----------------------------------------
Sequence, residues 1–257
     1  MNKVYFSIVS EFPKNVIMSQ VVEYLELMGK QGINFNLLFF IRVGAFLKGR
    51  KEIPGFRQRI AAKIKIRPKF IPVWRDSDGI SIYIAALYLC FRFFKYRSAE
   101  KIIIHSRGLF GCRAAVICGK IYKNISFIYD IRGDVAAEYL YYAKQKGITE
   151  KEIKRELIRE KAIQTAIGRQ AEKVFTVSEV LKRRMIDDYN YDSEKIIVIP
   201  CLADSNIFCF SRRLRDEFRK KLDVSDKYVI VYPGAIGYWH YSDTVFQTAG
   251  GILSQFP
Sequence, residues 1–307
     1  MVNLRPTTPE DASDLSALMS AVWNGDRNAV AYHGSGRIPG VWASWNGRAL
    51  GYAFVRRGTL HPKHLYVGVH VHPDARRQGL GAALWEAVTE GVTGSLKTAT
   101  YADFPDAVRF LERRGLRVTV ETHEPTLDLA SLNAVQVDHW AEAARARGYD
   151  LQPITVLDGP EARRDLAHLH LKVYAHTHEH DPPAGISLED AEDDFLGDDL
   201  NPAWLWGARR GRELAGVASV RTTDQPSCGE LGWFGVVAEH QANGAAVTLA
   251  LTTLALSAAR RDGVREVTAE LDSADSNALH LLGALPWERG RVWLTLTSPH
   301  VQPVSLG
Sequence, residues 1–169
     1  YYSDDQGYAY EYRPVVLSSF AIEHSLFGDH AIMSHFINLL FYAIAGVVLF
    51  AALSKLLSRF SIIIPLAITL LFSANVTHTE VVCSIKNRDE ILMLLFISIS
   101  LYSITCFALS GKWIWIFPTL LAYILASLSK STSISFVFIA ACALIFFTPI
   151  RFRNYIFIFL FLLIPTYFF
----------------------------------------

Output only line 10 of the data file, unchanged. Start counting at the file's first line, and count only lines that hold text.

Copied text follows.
    51  GYAFVRRGTL HPKHLYVGVH VHPDARRQGL GAALWEAVTE GVTGSLKTAT